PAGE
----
I have been blessed to be able to spend some time in Mumbai, India. It is hard to put into words how fascinating the blend of the city is. Blend of Indian and European cultures. Blend of rich and poor. And there seems to be no pedestrian or traffic rules! In my time here, I have been blessed to see both the local and international sides of education here. Now the international side mirrors much of what we see in the modern education system. But in seeing the local side and exploring the streets of Mumbai, it is clear to me that we are blessed to have education not only be a given right in the states, but also a privilege we are entrusted with. Here are my thoughts:
That One Kid
I think it is easy for us as educators to be blinded by the context in which we live. It is also easy for us to get frustrated with kids that just “don’t” get it. Johnny won’t listen. Susie won’t sit down. Billy doesn’t do his homework. I myself have had certain students that I didn’t connect with and that can make the job challenging. But after seeing a couple local Mumbaikar schools, I can’t help but think about the “first-world problems” that I encounter on a daily basis back at home when dealing with students.
We know many of our students have their own struggles and the need for personalization and differentiation is never more apparent. But I know, I will not complain about the struggles I might have with that one kid anymore because I am blessed to live in a place where I don’t have worry about many of the things that others around the world have to on a daily basis that disrupt learning.
It is also really easy in the United States to feel initiative fatigue. We are constantly trying to innovate and reframe the lens in which teaching and learning can happen in schools. Things like project-based learning, competency-based assessment, and design thinking can transform learning, but they also take time, energy, and brain power. It is very easy as an educator in the US, even in an amazing school at the forefront of innovation in public schools like I am, to get weary of always having to reinvent and reimagine our practices for the future.
Initiative fatigue is a real thing, but generally there are other personal factors that cause the fatigue, not the initiative itself. After spending some time in a school that didn’t have power, solid floors, or materials, I loose my sympathy for those that bitch and moan about pushing their own or others practices to the benefit of students. Having the privilege to be able to plan and implement amazing projects or working with a leading researcher on mindfulness isn’t going to cause you any pain or despair. We are blessed to have the ability and resources to try new things.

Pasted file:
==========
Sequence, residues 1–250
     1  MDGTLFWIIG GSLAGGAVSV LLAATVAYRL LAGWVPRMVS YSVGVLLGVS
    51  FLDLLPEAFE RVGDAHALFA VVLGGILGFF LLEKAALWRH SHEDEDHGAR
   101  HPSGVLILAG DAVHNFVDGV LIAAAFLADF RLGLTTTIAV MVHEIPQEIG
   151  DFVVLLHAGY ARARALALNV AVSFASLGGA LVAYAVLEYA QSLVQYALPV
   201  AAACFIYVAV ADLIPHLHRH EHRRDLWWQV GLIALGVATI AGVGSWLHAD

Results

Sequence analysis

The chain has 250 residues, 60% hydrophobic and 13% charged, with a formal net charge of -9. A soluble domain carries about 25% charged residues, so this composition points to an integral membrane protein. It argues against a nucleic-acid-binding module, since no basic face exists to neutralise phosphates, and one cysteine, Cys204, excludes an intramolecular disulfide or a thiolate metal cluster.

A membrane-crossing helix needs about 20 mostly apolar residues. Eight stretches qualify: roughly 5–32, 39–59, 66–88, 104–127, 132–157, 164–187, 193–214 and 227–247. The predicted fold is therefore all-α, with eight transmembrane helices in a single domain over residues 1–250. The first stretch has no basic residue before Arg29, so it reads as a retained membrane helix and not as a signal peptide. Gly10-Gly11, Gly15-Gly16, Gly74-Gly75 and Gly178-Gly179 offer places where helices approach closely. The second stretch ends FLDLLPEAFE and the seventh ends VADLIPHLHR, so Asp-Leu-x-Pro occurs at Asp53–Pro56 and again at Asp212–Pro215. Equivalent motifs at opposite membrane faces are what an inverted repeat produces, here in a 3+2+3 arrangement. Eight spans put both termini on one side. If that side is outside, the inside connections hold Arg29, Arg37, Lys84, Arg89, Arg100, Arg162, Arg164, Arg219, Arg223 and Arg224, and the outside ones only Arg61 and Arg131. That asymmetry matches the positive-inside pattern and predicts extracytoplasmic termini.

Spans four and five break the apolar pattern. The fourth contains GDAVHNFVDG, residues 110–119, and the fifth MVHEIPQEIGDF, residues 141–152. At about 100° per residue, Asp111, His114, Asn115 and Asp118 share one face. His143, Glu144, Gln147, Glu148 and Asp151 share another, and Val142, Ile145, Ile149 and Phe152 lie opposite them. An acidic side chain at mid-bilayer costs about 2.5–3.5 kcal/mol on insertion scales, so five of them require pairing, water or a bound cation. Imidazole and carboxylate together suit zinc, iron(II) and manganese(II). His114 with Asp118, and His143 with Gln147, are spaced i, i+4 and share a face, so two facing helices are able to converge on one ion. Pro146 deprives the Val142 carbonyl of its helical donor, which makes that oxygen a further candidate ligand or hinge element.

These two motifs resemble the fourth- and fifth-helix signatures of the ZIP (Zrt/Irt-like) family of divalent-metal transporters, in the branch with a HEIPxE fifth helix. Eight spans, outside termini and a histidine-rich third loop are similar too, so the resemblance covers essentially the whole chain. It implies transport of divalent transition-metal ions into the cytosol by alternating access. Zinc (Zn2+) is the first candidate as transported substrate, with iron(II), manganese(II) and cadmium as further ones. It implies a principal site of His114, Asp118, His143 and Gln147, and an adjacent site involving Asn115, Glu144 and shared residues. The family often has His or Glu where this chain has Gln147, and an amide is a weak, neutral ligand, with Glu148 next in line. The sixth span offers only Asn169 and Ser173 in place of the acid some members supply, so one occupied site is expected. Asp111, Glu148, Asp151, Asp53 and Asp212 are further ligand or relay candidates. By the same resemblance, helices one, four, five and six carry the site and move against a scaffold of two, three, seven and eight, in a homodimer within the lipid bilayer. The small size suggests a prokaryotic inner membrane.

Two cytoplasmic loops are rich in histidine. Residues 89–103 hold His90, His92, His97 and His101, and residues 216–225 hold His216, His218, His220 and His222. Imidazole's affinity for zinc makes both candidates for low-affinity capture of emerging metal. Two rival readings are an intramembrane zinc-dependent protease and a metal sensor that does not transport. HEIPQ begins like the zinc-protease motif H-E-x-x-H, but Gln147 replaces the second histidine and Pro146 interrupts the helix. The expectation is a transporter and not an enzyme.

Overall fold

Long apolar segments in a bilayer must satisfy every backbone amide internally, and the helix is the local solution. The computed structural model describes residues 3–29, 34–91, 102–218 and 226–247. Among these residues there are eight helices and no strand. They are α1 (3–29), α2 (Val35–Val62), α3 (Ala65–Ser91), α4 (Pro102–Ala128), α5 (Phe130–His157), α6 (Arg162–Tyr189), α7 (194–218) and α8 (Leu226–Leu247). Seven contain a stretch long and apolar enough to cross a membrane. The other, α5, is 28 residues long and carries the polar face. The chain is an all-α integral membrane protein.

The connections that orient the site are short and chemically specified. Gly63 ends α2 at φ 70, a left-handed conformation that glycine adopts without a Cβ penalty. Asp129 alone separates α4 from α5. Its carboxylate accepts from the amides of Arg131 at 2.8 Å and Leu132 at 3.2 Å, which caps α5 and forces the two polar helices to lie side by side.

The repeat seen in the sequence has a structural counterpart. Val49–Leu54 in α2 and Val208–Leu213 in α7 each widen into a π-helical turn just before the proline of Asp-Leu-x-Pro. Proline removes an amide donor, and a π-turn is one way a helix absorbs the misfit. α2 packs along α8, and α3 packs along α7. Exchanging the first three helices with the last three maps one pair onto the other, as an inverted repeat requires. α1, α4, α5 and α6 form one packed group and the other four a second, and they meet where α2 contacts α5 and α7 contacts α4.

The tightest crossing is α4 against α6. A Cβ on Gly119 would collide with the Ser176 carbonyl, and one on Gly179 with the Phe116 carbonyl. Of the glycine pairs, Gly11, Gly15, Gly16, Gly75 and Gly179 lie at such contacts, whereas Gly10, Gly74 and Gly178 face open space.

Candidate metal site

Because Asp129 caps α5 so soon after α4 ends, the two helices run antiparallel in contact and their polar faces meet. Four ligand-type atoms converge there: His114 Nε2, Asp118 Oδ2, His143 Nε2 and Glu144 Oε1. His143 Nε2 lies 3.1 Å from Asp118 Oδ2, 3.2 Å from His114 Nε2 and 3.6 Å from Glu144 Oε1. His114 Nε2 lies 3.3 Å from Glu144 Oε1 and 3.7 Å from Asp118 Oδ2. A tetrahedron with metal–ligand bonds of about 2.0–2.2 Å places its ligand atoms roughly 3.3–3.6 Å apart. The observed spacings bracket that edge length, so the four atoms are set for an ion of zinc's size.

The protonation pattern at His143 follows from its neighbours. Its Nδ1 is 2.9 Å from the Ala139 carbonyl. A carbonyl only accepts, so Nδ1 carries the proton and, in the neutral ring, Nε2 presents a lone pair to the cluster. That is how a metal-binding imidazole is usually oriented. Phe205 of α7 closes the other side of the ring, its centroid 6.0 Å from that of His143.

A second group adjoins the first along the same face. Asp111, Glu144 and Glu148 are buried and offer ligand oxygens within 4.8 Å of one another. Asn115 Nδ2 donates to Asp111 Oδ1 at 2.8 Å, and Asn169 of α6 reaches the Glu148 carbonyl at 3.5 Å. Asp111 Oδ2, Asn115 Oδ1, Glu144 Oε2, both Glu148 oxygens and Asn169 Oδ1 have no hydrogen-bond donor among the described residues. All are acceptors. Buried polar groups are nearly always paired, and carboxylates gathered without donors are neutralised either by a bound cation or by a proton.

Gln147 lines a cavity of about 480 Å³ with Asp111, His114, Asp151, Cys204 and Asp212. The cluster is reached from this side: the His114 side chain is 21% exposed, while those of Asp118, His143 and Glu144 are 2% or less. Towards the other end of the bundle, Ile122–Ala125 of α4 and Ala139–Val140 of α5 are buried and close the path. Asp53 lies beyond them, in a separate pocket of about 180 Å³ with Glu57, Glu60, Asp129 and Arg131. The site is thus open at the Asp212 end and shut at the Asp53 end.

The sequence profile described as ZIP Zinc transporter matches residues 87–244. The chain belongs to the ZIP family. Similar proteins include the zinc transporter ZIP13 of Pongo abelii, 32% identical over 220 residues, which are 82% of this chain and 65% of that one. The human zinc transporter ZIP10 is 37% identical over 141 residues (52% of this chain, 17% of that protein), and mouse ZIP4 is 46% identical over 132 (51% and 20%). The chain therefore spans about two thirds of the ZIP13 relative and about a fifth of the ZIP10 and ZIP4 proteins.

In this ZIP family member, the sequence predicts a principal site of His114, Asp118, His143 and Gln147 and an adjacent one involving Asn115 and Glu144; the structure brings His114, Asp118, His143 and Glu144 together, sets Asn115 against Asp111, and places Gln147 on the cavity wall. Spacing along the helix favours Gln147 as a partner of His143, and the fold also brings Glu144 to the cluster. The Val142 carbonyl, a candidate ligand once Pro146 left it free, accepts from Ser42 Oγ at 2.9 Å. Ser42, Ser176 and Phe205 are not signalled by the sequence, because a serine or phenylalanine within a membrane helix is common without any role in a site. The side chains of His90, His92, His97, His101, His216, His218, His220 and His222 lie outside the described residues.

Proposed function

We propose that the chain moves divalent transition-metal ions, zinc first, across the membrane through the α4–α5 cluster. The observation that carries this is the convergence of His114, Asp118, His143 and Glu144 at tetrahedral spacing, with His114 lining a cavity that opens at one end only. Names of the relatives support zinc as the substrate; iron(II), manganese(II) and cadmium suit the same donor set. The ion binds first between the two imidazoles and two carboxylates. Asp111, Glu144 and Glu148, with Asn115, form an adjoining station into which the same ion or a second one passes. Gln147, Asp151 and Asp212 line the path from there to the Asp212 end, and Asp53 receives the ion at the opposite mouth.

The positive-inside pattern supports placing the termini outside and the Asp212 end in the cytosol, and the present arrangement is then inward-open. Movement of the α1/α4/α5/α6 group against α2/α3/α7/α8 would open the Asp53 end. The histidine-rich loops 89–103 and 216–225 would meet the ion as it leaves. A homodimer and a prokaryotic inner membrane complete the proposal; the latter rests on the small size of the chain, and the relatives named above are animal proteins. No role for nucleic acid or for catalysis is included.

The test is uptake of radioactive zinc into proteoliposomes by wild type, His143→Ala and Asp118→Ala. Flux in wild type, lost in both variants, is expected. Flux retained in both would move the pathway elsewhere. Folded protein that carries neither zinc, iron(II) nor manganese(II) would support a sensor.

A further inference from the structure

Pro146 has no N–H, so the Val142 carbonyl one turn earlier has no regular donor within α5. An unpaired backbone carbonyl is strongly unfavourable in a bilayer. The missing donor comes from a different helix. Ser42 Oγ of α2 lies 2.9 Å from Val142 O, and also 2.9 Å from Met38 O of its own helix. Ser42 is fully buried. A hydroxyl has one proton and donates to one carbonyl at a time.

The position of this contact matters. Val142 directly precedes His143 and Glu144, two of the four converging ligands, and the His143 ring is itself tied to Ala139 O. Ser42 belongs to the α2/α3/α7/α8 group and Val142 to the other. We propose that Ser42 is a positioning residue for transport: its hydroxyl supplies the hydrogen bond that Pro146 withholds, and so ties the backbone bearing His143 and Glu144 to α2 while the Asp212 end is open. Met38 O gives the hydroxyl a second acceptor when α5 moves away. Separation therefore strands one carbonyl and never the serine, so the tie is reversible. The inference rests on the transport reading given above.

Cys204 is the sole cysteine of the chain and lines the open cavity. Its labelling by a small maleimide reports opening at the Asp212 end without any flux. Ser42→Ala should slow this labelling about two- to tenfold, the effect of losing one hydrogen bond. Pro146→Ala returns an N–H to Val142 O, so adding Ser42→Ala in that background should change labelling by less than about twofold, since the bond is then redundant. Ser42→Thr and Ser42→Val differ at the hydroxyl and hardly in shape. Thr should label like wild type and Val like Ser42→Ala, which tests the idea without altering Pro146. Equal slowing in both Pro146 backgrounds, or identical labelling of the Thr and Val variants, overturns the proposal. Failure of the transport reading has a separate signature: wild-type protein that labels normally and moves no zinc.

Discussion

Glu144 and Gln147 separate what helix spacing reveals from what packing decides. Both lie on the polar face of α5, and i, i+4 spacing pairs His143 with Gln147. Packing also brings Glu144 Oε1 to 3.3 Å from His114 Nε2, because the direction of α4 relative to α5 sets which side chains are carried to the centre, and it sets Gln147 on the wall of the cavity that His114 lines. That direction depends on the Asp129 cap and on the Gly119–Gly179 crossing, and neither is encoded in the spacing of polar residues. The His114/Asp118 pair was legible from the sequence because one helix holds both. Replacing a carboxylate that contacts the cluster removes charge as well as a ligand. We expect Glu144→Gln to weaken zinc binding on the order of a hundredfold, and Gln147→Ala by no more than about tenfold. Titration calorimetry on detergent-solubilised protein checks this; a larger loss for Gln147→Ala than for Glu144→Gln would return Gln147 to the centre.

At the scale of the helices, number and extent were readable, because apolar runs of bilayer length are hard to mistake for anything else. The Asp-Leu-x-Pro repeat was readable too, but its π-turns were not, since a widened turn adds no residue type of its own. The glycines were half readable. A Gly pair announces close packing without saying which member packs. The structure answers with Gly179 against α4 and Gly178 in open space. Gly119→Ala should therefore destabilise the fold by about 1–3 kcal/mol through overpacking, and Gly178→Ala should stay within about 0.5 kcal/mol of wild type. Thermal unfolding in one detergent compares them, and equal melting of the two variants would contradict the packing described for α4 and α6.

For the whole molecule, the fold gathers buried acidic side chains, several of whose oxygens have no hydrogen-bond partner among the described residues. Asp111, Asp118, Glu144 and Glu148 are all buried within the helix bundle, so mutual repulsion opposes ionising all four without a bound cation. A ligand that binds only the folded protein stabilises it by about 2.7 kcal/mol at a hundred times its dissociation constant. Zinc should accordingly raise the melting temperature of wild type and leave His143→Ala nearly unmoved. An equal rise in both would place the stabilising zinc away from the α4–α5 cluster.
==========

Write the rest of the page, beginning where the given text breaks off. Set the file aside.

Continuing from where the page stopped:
“21st Century” Learning
We are clearly deep into the world of 21st Century learning at this point. Defining deeper learning outcomes for students have helped calibrate and align teaching practices. In my time here in India, I have seen that 21st Century learning can be a myth in some places. Forget Chromebook roll-outs and 3D printers. Survival is the deeper learning outcome for many of the students I met. I met one student who every sibling had dropped out of school at some point to go work. However, the same passion to learn that I see in many of my own students still existed this student.
Its easy to get caught up in what we have or don’t have money for. You can easily get numb or selfish about having access to wi-fi or mobile learning spaces. How many times do we have a panic attack if the wi-fi goes down in an American school? Every time. It is clear though, we are fortunate to even be able to consider taking learning deeper and stretch it further into the 21st Century.
It is easy as an American educator to not grasp what the worst learning conditions really look like. Even if I think I comprehend and have empathy for those learners, I still don’t live it. I respect all educators, but will not lie and say I am the biggest educator empathizer. I know many educators on both sides of the fence. Some that are always finding new ways to ignite the passion in their students and some that are afraid of change, live with a false fear, or are unwilling to challenge their practices. After my time here and seeing some of Mumbai’s toughest schools: kids are still kids, a desire for learning and growing can exist anywhere (it might just look different), and I know that I won’t fall for any traps that gets me to forget the privilege and right I have been given to empower the students in front of me. Time for us to suck it up and get to work.